Tuesday September 17th was Constitution Day in the U.S. It was also the meeting night of my northern Virginia numismatic social group, Nummis Nova. Wayne Herndon was our host
for the evening at Mon Ami Gabi, a restaurant in Reston Town Center.
I was among the last to arrive at 6:30 and took a seat between Wayne and Eric Schena. Other members attending were Dave Schenkman, Robert Hoppensteadt, Chris Neuzil, Mike
Packard, Tom Kays, Julian Leidman, Roger Burdette, and Jon Radel. Tom's guest was Jonas Denenberg, a young numismatist who belongs to the Fairfax Coin Club.
We were crowded around a fairly small rectangular table setup, but we managed to find enough room to pass around an interesting array of numismatic items. I brought along a
couple of books purchased at last month's ANA World's Fair of Money.
I also brought along some star notes I'd discussed in my previous diaries and a group of dollar bills with several different political slogans. I had bought a stack of 50
of them from Tom Sheehan and selected one example of each type for my collection. I offered the others to the dinner attendees at face value.
Girl on the Silver Dollar
Roger surprised us with a gift for all attendees of a signed copy of his new book, Girl on the Silver Dollar. See the article elsewhere in this issue for more
information. Roger is a careful and meticulous researcher. The book will likely be the definitive word for decades to come on the identity of the model for the Morgan silver
Dave Schenkman always has some great numismatic items to share. He kindly provided these images of his display items. Thanks! The first item is a crudely counterstamped 1797
The song “Old Dan Tucker” was written in the early 1840s, and during that time was performed by the Virginia Minstrels. It has been recorded countless times over the years, by
everyone from Pete Seeger to Bruce Springsteen. I got it last month from My good friend, Dick Grinolds, at the ANA convention. As I recall our conversation, it went something like
Dick: Here’s something I brought for you.
Me: That’s very neat; how much is it?
Dick: I paid $20, what do you offer?
Me: How about $35?
Dick: How about $25?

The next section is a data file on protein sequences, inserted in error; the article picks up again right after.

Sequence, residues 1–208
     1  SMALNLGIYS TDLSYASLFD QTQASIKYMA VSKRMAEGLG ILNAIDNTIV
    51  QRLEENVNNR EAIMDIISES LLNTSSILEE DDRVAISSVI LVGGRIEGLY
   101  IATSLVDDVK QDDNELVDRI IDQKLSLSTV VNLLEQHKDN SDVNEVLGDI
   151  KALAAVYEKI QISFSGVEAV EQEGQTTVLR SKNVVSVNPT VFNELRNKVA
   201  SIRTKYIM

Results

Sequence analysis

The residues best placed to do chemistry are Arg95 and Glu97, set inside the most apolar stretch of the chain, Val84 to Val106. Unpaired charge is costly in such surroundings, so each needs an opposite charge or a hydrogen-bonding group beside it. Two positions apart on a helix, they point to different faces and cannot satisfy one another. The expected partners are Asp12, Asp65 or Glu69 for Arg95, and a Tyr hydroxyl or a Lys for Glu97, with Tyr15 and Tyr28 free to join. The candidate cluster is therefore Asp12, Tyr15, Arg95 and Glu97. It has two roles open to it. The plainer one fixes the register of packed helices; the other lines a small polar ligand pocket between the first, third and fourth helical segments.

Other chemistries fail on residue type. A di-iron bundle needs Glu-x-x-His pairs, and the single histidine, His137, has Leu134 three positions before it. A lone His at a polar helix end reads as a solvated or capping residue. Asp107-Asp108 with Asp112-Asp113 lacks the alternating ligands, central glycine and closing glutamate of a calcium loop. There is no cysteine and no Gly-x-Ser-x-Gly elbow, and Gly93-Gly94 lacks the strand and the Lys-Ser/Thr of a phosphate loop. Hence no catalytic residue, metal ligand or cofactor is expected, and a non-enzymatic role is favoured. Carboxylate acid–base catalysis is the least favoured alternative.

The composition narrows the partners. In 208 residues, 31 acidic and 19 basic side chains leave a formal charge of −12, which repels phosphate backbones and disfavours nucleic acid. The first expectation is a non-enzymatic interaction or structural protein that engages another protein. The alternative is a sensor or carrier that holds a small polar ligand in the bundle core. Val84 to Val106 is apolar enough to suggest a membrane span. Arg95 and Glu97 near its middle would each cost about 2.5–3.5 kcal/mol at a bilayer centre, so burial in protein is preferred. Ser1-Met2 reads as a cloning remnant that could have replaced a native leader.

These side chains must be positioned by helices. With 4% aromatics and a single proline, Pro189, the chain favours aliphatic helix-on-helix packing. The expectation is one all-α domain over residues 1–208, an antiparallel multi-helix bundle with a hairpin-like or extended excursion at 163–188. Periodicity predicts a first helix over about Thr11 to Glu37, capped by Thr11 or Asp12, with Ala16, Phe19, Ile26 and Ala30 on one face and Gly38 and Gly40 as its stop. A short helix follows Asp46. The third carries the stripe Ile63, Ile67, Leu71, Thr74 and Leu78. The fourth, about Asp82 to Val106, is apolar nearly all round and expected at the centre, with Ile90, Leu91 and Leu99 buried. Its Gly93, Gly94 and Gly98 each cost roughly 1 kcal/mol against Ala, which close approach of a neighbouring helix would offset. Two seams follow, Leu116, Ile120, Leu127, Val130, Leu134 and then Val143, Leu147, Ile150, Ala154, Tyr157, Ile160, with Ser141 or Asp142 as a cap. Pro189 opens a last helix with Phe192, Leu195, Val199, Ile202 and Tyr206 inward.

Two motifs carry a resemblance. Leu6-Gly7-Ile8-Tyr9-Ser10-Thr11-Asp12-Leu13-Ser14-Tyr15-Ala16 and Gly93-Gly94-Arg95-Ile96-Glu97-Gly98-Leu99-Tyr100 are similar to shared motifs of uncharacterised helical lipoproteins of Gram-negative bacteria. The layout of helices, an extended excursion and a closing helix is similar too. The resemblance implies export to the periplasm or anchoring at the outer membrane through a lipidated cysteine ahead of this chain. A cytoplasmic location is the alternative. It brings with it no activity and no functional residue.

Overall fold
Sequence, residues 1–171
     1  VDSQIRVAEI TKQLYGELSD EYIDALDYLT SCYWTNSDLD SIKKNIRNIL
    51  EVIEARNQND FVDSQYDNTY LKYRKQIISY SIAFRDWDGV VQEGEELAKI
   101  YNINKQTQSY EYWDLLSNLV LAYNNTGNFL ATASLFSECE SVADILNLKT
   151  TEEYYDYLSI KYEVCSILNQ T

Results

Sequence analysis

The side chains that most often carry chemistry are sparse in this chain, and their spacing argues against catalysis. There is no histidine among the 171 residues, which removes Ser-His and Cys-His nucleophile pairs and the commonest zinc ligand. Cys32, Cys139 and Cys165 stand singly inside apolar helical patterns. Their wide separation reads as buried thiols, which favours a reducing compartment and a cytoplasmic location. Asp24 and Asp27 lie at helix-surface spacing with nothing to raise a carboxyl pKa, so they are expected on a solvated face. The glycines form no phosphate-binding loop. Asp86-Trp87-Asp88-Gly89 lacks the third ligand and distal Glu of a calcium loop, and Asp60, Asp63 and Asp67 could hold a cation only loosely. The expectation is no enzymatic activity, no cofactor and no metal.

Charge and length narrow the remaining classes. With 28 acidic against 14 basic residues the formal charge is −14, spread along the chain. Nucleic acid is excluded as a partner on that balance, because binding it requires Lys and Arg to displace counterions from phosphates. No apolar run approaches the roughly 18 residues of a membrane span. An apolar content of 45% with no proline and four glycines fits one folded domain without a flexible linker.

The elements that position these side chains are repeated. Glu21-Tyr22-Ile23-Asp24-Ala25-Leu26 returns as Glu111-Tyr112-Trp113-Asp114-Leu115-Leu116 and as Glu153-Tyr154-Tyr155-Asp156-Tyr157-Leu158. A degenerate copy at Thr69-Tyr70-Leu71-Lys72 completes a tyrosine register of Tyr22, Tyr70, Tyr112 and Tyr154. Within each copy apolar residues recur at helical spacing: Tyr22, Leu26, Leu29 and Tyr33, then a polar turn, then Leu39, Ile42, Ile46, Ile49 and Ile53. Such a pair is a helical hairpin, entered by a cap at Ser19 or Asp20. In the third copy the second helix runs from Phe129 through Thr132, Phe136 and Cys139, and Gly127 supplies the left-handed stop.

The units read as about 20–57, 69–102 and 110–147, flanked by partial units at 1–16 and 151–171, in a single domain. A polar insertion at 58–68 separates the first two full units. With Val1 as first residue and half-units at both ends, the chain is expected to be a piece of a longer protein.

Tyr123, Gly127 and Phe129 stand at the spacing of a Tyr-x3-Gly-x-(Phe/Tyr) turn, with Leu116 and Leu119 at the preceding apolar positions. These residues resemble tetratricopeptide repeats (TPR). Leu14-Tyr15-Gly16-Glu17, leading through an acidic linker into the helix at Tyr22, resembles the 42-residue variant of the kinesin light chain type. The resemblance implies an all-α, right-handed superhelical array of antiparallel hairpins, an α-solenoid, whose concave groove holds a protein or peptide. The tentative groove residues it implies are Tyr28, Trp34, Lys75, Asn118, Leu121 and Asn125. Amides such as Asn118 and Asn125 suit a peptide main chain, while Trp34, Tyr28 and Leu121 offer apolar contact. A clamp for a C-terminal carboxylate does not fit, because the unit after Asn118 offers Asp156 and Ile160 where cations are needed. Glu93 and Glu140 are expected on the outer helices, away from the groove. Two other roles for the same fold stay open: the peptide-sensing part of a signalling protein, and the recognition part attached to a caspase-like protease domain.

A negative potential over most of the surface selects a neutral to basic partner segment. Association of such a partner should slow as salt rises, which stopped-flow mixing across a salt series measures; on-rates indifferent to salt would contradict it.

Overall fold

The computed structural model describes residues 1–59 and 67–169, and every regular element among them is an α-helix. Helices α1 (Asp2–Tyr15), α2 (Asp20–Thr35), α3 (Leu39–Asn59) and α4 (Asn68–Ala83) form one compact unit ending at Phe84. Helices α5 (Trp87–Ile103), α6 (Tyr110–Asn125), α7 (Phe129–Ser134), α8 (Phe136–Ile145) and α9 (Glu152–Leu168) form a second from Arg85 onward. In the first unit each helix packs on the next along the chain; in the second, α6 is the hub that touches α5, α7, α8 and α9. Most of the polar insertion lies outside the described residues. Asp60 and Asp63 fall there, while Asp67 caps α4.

Me: What about $30?
What a way to run a business!
Well, it's a great way to run a hobby, with people looking out for each others' special interests. Very interesting piece.
Here’s the silver British medal I passed around. It is dated 1702, and commemorates the capture of towns on the River Meuse.
A great piece. Even in the dim light at dinner I could tell this was nice.
The last piece is an interesting odd-denomination obsolete note, from Richmond, Ohio.
The Standard Catalog of Annandale, Vienna, and Dulles Coin Show Kids Auction Scrip
Tom Kays writes:
I invited Jonas Denenberg of the Fairfax Coin Club to join Nummis Nova for dinner. Jonas is a young numismatist who often gives coin talks, does original numismatic
research, and also debuted his latest book, The Standard Catalog of Annandale, Vienna, and Dulles Coin Show Kids Auction Scrip. Jonas’ book is dedicated to Jon Radel, the
creator of the rare Series 2 and 3 Scrip, who in a pinch, found a way to let the show go on, when Series 1 Scrip ran out, or was forgotten in moving boxes of supplies needed to
run the Kid’s Auction.
Jonas covers the history of Kids Auction Scrip, the advent of the three series, postulates a new 4th series now that these events have transitioned from Nummis Nova to Fairfax
Coin Club control, and captures rarity, provides a grading guide, talks to proper Scrip storage, and most wondrous of all, Jonas provides a price list showing the rare editions
are worth much more than face value. This is how it is done folks.
Jonas further explains “Virtual Auction Bit-Bucks” once offered to E-Sylum readers, “backed by your good faith in our sketchy intentions to ever redeem them” still have
no value. Jonas has our number for sure. Using modern marketing techniques Jonas has licensed his book and may need to go to a second printing soon. Jonas told Roger Burdette that
he has not made any money on his book, and Roger assured him this is par for the course in the numismatic book writing business. Signed 1st editions are already sold out, and we
look forward to the next numismatic title from the desk of Jonas Denenberg.
Networking with Wizard Coin Supply owner, Wayne Herndon, Jonas will have to wait a while before taking summer employment, since Wizard employees must be at least 16 years of
age. Jonas is planning to enter a Young Numismatist exhibit on Saturday at the 61 st Annual, Virginia Numismatic Association Convention, Coin, Currency, and Stamp Show in
Fredericksburg, Virginia at the Fredericksburg Convention Center, Carl D. Silver Parkway, Friday, September 27th through Sunday, September 29th, with a display of Odd Denomination
U.S. Coinage, that I hope you see and enjoy.
To order or dowmload a copy of Jonas's book, see:
FAO Coin Catalog
Jon Radel brought along a copy of this 2017 book on FAO coins - these were organized by the United Nations Food and Agriculture Organization and issued by 119 countries. See the
article elsewhere in this issue for ordering information.
It was a great evening, as always. 'Til next month!
Wayne Homren, Editor
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